My viewing patterns change as the Fringe draws on. Early, I watch shows by friends because I want to make sure I don’t miss them. I watch shows by popular producers because I don’t want to risk a sell out.
Later, I start watching shows that have been recommended by others or I just give something a try because I have an open spot on my schedule and nothing to see.
There’s a lot of excitement when one walks into a show you know nothing about. It could be fantastic. It could be awful. It will probably be somewhere in between.
Fringe is a voyage of theatrical discovery. The artists are looking to discover or expand their voice. The audience is looking to discover new artists. Over the last few days, I’ve been doing a lot more discovery as an audience member.
Here are the two shows I saw on Thursday. One was a discovery and the other was by an old favorite.
It isn’t the dancing. I love the dancing. It isn’t even the fact most of it is movement for the sake of movement and being a writer, I’m always looking for the story.
No, what really drives me nuts about modern dance is the music. I understand why most dance troupes select boring, repetitious music that may or may not be Philip Glass. I get it. I’m supposed to be watching the dancers.
Personally, though, I prefer a soundtrack that sounds like more than a keyboardist who only knows three chords. I like the interaction of sight and sound.
Most modern dance leaves me wanting more. And it isn’t the dancing. It is the fact my eyes are excited and my ears are bored.
Here’s some notes on the shows I saw Wednesday! They were all quite good!
The Arizona Cardinals became the first team in NFL history to add a woman to their coaching staff when Jen Welter was hired as a pre-season intern working with the inside linebackers.
Don’t care about sports? That’s fine. The breaking of the gender barrier is still important even if she is not a permanent member of the coaching staff. If she does a decent job, one can assume she will open the door for as many as two or three other women to have temporary coaching jobs in the NFL.
The article linked above is in Welter’s own words and mostly she is talking about how excited she is by the opportunity.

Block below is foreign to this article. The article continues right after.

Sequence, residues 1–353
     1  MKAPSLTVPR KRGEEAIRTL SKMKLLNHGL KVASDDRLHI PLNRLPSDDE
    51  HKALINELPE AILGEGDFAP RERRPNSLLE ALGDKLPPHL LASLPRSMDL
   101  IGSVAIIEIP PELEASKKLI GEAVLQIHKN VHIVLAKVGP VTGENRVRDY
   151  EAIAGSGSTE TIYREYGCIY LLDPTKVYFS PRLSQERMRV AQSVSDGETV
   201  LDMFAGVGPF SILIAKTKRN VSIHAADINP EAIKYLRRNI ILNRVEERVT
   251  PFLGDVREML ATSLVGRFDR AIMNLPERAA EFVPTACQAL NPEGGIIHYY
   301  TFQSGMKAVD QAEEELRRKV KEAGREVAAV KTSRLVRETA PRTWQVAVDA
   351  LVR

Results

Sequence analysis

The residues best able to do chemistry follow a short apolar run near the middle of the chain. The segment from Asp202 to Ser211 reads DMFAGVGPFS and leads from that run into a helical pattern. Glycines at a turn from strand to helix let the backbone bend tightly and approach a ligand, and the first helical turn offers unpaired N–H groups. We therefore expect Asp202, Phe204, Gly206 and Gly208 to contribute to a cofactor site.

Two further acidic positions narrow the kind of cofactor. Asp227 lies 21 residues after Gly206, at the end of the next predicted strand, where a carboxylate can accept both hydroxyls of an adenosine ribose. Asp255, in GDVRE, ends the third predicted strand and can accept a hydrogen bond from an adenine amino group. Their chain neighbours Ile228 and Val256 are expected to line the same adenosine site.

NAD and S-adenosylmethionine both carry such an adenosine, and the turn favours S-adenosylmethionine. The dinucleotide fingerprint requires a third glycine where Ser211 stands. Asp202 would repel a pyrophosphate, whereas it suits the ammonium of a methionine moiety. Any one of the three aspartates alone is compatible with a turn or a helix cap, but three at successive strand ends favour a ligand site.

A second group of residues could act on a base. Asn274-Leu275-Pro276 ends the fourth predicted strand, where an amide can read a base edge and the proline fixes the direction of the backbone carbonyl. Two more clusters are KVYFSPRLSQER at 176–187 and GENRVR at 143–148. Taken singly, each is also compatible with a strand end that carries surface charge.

Later, though, she talks about friends in women’s football being called up to do interviews with ESPN because of her. And she says this:
I won four championships and two gold medals and I was never asked to go on ESPN. None of us were.
Got that? She was an accomplished athlete before she temporarily joined the Cardinals coaching staff and nobody on a 24-hour sports station wanted to talk to her. Or anyone else involved in women’s football. Until now.
Have no fear, gentlemen (including the brilliant guy who commented on the article by saying women will never be equal to men until they have to sign up for the draft). The glass ceiling is still very much intact.
As I wrote earlier, I always take a day off of the Fringe Festival. I didn’t see any shows on Tuesday night.
Let me write instead about the crucible of criticism that is the Fringe Festival. Because there is nothing like it. Artists love to hate it. Or hate to love it. Amongst a group of people who thrive on validation, however, the Fringe can be an emotional roller coaster.
Or maybe that’s just me.
I always tell people don’t write five-star shows. Because I don’t. It isn’t false modesty to say that I didn’t set out to create a brilliant piece of theater with the title “The Sound of Footloose: The Not Musical.”
I wrote a show that mashes up Footloose and The Sound of Music but nobody sings. It’s right there in the title, my friends. There are no lofty themes or deeply personal reflections.